Cost inflation is rampant. We have seen a rapid increase in labour costs, as well as cost increase in haulage, power and energy, infrastructure and building costs, packaging costs and many others. Recuperating those costs from the UK consumer when we are not self-sufficient in food and when we have to compete with cheaper imported product that has a lower cost base will be, to say the least, challenging.
The fact that product lines and innovative ways of presenting meat to the consumer are being reduced due to the lack of butchers should be regarded with some concern across the industry. It is the new product development that improves sales and to some extent offer the consumer a healthier option as more of the fat tends to be trimmed off.
What impact will the timetable for introducing physical checks at the border on food and live animal imports from the EU have on the current issues being experienced by the UK food supply chain?
The new Export Health Certification scheme has already cost the food industry £50 million to reassure the European consumer our food is safe. That is before you cost in the army of administrative staff need to service the system. To date importers from Europe have not been exposed to those costs and operate at a competitive advantage. In short home-produced food is less competitive to export and less competitive on the home market.
One of the big advantages of having fresh foods coming from near markets is that businesses can manage stock and working capital as they can hold little/ minimum stock. Retailers are particularly reliant on this method as it allows them to have smaller holding spaces and supply the freshest product, making them reliant on daily fresh deliveries of goods. For just in time supply chain to work some retailers will only give processors a delivery window of 30minites therefore any delay at the BCP can cause serious delays the other end. If the time slot is missed the consignment is turned away and another time slot is required. If this is continuously happening the processor will be seen as unreliable and will eventually lead to the loss of trade. In summary the potential impact of physical checks is putting regular fresh deliveries to nearby markets at risk losing our near market competitive advantage. This has already happened in the other direction particularly effecting SME.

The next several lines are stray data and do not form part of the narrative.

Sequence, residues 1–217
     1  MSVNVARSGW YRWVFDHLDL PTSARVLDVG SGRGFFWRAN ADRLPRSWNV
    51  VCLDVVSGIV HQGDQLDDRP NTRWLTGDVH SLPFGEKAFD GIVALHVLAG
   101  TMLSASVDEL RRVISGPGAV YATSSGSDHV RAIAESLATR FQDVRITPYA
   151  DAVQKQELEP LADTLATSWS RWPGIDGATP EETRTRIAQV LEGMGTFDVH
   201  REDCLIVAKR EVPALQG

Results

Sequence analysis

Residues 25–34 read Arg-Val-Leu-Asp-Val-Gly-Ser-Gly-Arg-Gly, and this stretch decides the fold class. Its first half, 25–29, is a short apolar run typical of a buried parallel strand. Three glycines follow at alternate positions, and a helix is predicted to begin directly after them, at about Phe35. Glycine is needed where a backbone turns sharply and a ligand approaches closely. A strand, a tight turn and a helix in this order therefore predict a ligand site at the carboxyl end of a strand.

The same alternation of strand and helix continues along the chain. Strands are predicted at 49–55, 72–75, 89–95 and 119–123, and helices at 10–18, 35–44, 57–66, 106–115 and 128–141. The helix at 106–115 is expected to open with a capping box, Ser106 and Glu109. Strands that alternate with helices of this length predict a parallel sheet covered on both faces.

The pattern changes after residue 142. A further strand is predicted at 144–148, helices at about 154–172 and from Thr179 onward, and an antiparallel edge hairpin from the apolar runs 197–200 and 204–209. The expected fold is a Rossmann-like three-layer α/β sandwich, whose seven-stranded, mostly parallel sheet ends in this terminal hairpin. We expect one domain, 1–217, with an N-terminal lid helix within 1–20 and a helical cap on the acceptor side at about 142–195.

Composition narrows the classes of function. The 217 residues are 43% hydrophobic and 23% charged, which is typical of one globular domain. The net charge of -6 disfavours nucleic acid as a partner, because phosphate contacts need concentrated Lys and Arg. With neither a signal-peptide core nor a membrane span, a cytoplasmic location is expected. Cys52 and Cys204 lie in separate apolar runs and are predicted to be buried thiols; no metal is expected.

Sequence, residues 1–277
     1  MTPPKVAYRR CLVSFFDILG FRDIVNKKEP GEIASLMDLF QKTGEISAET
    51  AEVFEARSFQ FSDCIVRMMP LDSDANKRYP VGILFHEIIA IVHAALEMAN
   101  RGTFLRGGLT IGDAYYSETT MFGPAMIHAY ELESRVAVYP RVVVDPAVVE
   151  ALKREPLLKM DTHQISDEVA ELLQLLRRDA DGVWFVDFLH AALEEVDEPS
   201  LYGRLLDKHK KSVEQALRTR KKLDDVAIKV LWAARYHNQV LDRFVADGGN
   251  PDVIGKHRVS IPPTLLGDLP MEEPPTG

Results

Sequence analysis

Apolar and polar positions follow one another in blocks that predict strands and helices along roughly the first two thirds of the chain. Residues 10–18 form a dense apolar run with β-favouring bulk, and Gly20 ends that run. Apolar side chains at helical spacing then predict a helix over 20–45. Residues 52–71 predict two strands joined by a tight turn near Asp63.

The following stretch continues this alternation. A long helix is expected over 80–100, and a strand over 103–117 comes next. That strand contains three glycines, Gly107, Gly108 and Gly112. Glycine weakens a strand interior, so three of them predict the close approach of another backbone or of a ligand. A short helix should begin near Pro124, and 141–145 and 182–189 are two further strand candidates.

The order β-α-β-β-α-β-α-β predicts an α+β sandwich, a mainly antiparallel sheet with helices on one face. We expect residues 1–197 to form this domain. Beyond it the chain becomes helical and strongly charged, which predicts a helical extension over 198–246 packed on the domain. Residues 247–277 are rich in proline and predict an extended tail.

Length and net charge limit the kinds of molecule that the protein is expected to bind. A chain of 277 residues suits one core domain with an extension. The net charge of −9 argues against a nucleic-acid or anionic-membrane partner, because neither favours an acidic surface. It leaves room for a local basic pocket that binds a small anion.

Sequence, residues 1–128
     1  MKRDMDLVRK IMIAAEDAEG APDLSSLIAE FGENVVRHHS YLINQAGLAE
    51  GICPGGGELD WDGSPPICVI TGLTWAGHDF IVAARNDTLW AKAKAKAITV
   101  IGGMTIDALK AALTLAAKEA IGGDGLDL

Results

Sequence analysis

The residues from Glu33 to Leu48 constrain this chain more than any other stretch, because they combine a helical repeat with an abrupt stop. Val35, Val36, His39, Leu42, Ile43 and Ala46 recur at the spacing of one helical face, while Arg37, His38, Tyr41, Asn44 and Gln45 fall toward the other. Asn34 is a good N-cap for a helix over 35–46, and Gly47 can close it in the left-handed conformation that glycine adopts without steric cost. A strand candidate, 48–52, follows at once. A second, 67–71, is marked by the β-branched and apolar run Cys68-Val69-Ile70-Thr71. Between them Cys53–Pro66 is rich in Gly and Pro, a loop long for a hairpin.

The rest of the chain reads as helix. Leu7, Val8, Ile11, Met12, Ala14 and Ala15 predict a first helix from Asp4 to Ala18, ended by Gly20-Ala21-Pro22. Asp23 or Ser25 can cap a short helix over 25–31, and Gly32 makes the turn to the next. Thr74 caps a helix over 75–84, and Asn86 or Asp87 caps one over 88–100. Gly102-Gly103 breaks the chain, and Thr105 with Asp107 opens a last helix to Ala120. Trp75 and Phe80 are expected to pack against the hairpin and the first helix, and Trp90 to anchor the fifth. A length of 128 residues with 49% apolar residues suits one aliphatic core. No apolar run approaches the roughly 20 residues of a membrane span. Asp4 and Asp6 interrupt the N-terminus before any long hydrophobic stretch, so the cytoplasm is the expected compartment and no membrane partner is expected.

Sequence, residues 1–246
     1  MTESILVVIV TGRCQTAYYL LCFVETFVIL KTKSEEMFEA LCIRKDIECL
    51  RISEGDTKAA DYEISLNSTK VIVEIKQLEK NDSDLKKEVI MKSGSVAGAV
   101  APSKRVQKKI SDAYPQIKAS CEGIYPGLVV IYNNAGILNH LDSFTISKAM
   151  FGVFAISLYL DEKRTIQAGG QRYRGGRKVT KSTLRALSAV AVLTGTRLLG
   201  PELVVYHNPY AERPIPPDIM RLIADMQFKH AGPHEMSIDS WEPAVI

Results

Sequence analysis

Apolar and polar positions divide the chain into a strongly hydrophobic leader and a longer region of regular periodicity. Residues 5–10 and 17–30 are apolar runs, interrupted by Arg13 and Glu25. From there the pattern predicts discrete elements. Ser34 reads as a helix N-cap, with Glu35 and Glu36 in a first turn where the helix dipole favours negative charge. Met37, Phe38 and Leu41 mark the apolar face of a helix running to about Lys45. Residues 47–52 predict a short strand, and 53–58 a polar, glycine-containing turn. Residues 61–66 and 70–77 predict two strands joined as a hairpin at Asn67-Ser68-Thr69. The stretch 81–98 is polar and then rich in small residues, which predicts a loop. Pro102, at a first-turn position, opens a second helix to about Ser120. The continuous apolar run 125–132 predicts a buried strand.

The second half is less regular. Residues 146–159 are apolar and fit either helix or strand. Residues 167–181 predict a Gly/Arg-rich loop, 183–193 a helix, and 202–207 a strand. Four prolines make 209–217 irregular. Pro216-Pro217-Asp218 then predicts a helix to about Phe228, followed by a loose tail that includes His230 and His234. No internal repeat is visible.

The UK is not self-sufficient in all meat products and due to us not eating the whole animal therefore to balance out the carcass we import product. Most imported meat is processed and packed into retail form once it has entered the UK. The delays at BCPs will make it increasingly difficult to maintain shelf-life to the level required by retailers.
24hr Pre notification – this is extremely difficult for short shelf life, fresh food as the value and demand of the products is time sensitive. Until July next year goods can still come into the UK under a 4hr derogation, after this date it is up to the port authorities to decide what they will allow. Many ports have indicated they will not be able to operate under the 4hr minimum notification causing there to be an extra 24hr delay to an already time pressured process.
At best consignments will receive a minimum 1-2hr delay for paperwork checks at SIVEP. Physical check could potentially delay consignments another 5-6hr. From this information we can assume if the UK can perform to the same level as the continent (who are now well-practiced) we are expecting a delay of at least 5-12hrs, plus the pre notification period.
Misconception – There is a misconception due to other third countries (Australia, NZ, Argentina) do not have a problem with pre-notification, that the UK should also be able to comply. Goods from these counties spend as long as 3-6 weeks on the water before reaching the EU which has a huge difference in terms of pre-notification, scheduling.
What measures has the Government taken to alleviate the problems being faced by the food supply chain this year? To what extent have they been successful?